June 28 marks the 50th anniversary of the 1969 Stonewall Inn riots and the birth of the modern gay rights movement. Many artists acknowledged this important milestone in their performances. Queef Latina, creator of Wigwood, performed to "Y'all Better Calm Down," the famous 1973 speech by transgender Latina activist Sylvia Rivera. A veteran of the Stonewall uprising, Rivera founded the Street Transvestite Action Revolutionaries (STAR) organization in 1970 alongside fellow Stonewall heroine Marsha P. Johnson, a black trans activist. That same year, the first pride parades were held in major cities across the United States.
Aja, a rapper and RuPaul's Drag Race alum, asked the crowd to "look after their trans brothers and sisters" on Friday, noting the high rate of violence against black trans women in the United States.
"If it weren't for the black and brown trans women, we wouldn't be out here celebrating," Miami drag queen Juanita LaBanjee reminded the crowd on Saturday.
"Pride is a ritual celebration of how far the community has come and a recommitment to do the work that we still need to do," said Jethwani.
State law protects Floridians today from discrimination based on race, religion, sex, age, handicap, or marital status, but there is no statewide law protecting members of the LGBTQ community. Jethwani says local nondiscrimination laws protect about 60 percent of the community, but that in many parts of Florida it is still legal to fire, evict, or deny someone service simply because they are lesbian, gay, bisexual, transgender, or queer.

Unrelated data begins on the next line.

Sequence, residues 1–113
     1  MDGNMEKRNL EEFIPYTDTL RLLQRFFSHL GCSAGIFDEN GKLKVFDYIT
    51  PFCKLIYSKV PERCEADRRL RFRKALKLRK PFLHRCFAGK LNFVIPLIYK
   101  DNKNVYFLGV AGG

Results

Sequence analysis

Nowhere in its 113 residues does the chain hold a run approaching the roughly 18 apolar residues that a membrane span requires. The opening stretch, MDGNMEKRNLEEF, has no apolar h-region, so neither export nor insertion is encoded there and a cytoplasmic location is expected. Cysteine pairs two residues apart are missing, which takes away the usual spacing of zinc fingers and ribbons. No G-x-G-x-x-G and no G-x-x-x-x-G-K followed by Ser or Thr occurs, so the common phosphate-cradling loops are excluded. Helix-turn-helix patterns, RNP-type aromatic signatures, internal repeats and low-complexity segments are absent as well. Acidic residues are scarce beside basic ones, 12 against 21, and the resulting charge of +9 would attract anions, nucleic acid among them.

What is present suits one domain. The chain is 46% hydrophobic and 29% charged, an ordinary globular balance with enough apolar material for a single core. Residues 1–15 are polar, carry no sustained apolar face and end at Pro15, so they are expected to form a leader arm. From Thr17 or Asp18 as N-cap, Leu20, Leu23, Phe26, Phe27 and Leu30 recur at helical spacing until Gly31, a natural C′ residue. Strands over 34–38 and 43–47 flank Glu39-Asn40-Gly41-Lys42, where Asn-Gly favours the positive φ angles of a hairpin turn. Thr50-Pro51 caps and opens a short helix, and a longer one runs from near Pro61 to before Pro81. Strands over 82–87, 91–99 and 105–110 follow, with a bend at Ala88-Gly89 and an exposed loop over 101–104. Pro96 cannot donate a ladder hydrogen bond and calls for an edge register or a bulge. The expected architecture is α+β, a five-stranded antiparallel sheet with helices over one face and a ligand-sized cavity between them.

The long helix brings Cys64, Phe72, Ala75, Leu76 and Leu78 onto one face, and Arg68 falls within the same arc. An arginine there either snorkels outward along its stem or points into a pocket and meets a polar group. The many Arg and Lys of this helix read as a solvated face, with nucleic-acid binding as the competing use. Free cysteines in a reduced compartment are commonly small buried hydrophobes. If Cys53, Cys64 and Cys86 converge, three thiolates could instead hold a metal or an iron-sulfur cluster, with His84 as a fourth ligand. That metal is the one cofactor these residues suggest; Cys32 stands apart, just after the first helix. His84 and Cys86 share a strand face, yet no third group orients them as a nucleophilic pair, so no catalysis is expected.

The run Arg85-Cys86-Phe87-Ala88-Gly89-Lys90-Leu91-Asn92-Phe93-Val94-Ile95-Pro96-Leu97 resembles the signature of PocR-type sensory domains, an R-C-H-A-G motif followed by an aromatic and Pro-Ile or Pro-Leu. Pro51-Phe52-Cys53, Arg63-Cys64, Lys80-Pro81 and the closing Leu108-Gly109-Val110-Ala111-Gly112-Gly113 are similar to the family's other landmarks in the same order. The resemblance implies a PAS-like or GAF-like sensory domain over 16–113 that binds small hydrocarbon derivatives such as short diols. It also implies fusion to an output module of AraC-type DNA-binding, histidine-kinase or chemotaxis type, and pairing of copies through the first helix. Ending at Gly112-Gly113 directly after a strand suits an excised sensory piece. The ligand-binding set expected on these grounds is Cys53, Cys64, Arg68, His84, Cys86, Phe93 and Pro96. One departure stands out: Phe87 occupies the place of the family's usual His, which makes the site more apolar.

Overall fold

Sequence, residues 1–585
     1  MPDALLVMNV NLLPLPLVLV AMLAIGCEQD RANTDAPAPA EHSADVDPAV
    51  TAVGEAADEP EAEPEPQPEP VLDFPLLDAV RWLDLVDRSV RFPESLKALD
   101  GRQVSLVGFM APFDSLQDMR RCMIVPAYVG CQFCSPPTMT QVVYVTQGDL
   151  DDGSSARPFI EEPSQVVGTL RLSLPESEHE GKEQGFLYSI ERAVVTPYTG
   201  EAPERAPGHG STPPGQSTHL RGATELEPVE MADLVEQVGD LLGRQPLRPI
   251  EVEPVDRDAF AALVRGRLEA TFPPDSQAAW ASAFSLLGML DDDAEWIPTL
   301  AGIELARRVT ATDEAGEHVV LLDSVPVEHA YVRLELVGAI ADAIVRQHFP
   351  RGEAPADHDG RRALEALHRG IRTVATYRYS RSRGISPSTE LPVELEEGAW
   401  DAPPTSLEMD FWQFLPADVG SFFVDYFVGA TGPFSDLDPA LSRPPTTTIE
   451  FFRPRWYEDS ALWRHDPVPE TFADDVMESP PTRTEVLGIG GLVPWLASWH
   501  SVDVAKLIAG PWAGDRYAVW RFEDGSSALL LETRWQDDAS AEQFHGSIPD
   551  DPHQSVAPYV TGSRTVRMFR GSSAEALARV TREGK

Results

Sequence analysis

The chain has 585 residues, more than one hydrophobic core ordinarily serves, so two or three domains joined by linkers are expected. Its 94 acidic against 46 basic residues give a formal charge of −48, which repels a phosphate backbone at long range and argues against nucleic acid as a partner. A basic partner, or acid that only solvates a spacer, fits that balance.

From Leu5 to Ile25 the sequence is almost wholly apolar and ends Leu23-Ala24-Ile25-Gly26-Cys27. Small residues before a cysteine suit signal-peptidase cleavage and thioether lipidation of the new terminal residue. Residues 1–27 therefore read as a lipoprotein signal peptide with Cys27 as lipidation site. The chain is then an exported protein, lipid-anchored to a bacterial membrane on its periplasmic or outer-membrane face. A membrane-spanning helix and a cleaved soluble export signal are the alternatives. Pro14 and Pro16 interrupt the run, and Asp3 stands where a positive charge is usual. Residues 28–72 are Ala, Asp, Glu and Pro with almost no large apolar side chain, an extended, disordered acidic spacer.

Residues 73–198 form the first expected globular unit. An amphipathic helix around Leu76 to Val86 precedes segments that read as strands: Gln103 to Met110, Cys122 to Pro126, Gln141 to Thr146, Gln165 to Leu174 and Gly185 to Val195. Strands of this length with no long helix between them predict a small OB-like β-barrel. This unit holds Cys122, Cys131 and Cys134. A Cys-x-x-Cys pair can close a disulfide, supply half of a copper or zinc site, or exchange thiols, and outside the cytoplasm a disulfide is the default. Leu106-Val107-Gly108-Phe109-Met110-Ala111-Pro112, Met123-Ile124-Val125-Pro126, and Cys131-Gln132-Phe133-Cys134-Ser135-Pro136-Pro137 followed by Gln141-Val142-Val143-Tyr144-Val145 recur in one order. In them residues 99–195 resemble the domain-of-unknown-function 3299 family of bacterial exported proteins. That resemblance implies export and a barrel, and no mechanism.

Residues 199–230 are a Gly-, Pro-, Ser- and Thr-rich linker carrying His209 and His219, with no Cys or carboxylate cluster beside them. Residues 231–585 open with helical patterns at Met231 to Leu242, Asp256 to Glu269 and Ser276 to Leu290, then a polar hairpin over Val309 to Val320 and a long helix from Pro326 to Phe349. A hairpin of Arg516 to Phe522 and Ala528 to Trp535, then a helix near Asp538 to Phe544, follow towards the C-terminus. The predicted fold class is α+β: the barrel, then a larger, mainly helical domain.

"Pride is a place where we can be comfortable in our own skin, and it's a place where we can give a voice to those who can't around the world as well," said Jose Martinez, a counselor at Miami Bridge Youth and Family Services.
Carmen Carrera, a transgender activist, model, and standout from the third season of RuPaul's Drag Race, summarized the feelings of many when she took to the Main Stage Friday evening. While bedazzled in a white and rainbow leotard, the first of several outfit changes, the night's hostess recounted her response to inquiries about why she was performing at Wynwood Pride amidst the controversy.
"Bitch, because I'm proud as hell," said Carrera.